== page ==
IMER Bergen

Research Projects

The following is a list of projects developed within the network of IMER. Some of IMER board members and researchers are either leading or are affiliated with the projects below.

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Project title: PROTECT The Right to International Protection. A Pendulum between Globalization and Nativization?

The PROTECT Consortium is led by Professor Hakan G. Sicakkan, professor at the Department of Comparative Politics, UiB, and IMER board member.

PROTECT studies the impact of the United Nations’ ‘Global Refugee Compact’ and ‘Global Migration Compact’ on the functioning of the international refugee protection system. This investigation will be done from the perspectives of political theory, legal theory, cleavage theory, public sphere theory, multilevel global governance, and ethnography. The entities focused on are the UNHCR and IOM (the global level), the European Union and the African Union (regional level), EU countries, Canada and South Africa (state level), and Canadian, South-African and South-European border zones (the local level). Empirically, PROTECT engages in an extensive legal, institutional, attitudinal, and media content data collection. As part of its empirical work, it aims to identify the changes in the notion of refugee protection due to the introduction of the two UN Global Compacts. Conceptually, PROTECT endeavors to develop a notion of refugee protection that is sensitive to the current political realities. Theoretically, it aspires to develop a theory explaining why a notion of refugee and refugee protection governance, and not other competing notions, wins the race at the global level.

For more information, see the project website



Project title: SuperCamp - Genealogies of Humanitarian Containment in the Middle East

This project analyses this “catch basin” and hypothesizes that the Middle East takes on features of what we call a “SuperCamp” – an area where migrants are not so much hosted but held hostage. It addresses one of the most pressing problems facing nation states: the movement of refugees and migrants from the global south to the global north. By reflecting on the positionality of the migrants in the “south” and the perceived threat to the “affluent north,” the project provides a more nuanced understanding of and theory on the historical and bio-political sources of containment. The project thus focuses on the consequences of displacement.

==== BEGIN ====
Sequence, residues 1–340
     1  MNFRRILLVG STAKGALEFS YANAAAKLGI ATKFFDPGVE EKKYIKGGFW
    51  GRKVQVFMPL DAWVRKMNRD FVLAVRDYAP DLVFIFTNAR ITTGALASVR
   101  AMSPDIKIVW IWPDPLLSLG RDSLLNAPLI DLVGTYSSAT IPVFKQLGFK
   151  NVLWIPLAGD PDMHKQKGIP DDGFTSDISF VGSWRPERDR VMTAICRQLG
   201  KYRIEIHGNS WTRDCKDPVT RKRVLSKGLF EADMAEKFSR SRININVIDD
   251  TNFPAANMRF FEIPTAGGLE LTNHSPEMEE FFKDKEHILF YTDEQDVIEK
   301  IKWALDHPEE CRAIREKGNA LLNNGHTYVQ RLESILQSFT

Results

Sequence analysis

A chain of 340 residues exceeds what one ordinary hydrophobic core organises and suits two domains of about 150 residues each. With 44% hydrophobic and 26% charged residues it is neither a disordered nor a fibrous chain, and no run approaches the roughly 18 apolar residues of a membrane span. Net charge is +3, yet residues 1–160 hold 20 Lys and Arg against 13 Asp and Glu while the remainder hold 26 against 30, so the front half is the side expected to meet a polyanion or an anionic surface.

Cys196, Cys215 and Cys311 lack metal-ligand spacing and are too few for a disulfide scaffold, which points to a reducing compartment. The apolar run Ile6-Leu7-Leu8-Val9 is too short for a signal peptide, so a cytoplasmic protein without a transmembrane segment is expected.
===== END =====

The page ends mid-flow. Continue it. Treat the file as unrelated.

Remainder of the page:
For more information, see the project website



Project title: Temporary Protection as a Durable solution? The 'Return Turn' in Asylum Policies in Europe

Following high numbers of refugee arrivals in 2015, European countries have responded with restrictive policies reinforcing the temporary nature of the protection they are willing to provide. These measures, part of a ‘return turn’ in the practice of refugee law, include granting short-term protection permits to refugees from certain groups, stricter requirements for receiving permanent residence, and regular protection reviews to identify people whose need for asylum no longer exists. By investigating (primarily) post-2015 developments in Norway, Denmark and the UK, the project invesigates 1) How  changes in national and EU-level laws and policies affect the durability of residence for recognized refugees, and 2) How  temporary protection interacts with facets of the welfare state designed to promote integration? What areas of conflict exist between asylum and integration policies on the one hand, and the intention of policies and their implementation on the other.

For more information, see the project website



Project Title: States of Protractedness: Utilizing Norwegian Expertise for Solutions to Protracted Displacement Situations

The project will take the knowledge from the Horizon 2020 TRAFIG project and bring it to Norway.

For more information on TRAFIG, see here



Project Title: Waiting for an Uncertain Future: the Temporalities of Irregular Migration

The WAIT project uses theories of temporality and the concept of 'waitinghood' as tools for producing new and critical insights into the cultural conditions and implications of migration. 'Waitinghood' is about the condition of prolonged waiting, uncertainty and temporariness which is characteristic of irregular migration. WAIT investigates how temporal structures related to irregular migration are shaped by legal regimes, cultural norms and power relationships, and how they shape subjective experiences and life projects. The project focuses on four European migration-hubs, notably Oslo (Norway), Stockholm (Sweden), Marseille (France) and Hamburg (Germany).

For more information, see the project website



Project title: Imagining and Experiencing the Refugee Crisis

The IMEX-project investigates both the experiences of the recent Syrian diaspora in Europe and of the majority population in Norway. We draw on panel data, qualitative interviews, and fieldwork in local communities to investigate zones of negotiation and meeting points between the majority and the minority in the wake of the 'refugee crisis'.

For more information, see the project website